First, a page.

This project investigates gender differences in petitioning contested divorce before court in Beijing. Using 10,639 first-instance judgments (一审判决） from 16 basic-level courts （初级法院）under the jurisdiction of Bejing (2014-2016), we find that women are more likely than men to file the divorce petition before court if: (1) they reported domestic violence, substance abuse, the extramarital relationship on the part of their partners; (2) they have children; (3) they are younger than their husbands. We also find the likelihood of women, as opposed to men, initiated a contested divorce case declines as a marriage lasts longer. Our approach offers new insights in studying the gendered processes of divorce and extends our understandings and knowledge of changing family and marriage reality in contemporary China.
Tuesday, April 10
Presenter: Ya Su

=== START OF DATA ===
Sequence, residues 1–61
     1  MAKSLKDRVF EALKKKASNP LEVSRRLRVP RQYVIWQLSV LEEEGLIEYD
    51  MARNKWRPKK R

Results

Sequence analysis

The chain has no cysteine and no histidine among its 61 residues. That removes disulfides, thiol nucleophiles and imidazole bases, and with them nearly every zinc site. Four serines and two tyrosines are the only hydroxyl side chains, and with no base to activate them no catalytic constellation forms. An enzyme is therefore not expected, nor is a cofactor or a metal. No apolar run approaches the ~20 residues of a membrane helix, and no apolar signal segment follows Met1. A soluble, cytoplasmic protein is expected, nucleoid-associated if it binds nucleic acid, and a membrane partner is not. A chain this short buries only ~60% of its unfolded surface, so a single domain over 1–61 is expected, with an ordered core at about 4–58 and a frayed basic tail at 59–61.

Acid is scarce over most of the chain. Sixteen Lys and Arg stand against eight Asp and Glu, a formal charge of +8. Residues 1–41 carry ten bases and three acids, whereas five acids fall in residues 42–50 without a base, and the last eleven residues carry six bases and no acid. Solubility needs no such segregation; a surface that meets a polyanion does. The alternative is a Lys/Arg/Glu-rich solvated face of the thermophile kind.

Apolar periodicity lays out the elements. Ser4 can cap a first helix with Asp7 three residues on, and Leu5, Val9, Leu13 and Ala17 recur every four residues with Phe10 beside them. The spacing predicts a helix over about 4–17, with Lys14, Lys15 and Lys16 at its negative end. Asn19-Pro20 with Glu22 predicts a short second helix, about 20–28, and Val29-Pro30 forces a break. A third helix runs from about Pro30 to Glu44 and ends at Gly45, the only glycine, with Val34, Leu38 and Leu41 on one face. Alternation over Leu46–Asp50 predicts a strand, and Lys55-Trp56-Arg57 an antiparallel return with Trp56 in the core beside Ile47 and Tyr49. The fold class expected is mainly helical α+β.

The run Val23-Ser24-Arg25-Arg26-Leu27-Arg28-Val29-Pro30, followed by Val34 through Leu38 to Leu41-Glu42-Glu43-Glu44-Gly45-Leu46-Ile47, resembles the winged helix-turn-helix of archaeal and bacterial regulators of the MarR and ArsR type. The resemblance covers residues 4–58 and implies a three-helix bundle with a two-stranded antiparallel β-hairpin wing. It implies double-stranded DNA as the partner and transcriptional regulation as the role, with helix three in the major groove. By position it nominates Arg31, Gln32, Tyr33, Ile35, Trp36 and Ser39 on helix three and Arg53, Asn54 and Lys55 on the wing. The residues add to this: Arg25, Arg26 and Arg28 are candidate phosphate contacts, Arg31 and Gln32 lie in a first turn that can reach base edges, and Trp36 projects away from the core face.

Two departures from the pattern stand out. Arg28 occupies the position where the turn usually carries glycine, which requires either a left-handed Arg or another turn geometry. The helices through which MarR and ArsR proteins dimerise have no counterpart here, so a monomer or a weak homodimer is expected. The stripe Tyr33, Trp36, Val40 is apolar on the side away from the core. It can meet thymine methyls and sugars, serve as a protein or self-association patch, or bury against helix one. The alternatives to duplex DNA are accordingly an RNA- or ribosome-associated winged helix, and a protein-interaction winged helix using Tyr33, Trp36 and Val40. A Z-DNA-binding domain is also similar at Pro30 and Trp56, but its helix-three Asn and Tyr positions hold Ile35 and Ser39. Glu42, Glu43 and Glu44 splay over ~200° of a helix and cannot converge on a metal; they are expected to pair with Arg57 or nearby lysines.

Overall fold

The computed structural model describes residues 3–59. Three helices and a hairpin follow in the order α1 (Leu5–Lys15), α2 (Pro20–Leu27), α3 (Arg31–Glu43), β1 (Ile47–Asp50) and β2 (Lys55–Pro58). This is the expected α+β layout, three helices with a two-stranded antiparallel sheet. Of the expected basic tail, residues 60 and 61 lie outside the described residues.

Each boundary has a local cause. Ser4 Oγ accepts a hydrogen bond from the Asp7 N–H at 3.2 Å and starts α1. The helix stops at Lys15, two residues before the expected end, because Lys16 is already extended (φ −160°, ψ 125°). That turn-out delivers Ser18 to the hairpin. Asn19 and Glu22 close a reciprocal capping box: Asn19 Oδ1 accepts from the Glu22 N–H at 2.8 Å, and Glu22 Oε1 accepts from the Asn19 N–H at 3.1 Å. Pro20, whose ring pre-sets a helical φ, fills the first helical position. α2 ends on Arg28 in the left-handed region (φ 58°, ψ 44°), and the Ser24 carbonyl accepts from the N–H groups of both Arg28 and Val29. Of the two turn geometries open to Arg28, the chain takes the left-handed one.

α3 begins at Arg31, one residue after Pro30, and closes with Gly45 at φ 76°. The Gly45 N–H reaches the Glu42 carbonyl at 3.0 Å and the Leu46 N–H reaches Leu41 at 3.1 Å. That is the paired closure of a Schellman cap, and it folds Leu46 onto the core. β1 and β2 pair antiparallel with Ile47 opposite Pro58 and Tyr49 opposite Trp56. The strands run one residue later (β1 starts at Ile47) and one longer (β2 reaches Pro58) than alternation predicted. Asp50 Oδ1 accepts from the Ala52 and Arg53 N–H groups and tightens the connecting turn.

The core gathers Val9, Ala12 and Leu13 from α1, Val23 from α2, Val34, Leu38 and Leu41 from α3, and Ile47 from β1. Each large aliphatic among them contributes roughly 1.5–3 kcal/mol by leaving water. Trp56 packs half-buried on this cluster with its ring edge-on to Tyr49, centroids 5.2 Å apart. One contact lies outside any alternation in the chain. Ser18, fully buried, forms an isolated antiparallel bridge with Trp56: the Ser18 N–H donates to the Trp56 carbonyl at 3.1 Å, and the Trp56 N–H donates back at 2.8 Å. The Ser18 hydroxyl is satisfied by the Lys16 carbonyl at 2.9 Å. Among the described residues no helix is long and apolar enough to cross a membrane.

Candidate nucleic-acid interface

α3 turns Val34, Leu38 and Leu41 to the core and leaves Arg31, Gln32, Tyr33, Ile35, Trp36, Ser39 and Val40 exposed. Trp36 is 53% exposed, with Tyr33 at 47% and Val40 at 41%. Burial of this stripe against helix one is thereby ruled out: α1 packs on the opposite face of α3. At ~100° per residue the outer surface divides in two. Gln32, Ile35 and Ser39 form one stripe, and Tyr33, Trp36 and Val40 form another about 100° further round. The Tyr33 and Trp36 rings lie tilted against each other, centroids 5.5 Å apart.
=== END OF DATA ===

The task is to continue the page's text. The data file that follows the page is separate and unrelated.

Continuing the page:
Ya (Sophia) Su is a third-year Ph.D. student in the Department of Sociology and a Gender Studies minor at the University of Notre Dame. Her research focuses on how gender intersects with family and marriage processes, such as romantic partner selection, household divisions of labor, parenthood, and marital disruptions to influence individual well-being as well as social inequality in both American and Chinese contexts. Her recent work examines how spouses' economic resources, marital satisfaction, and gender ideology influence the risk of divorce and whether these determinants of divorce are gendered.
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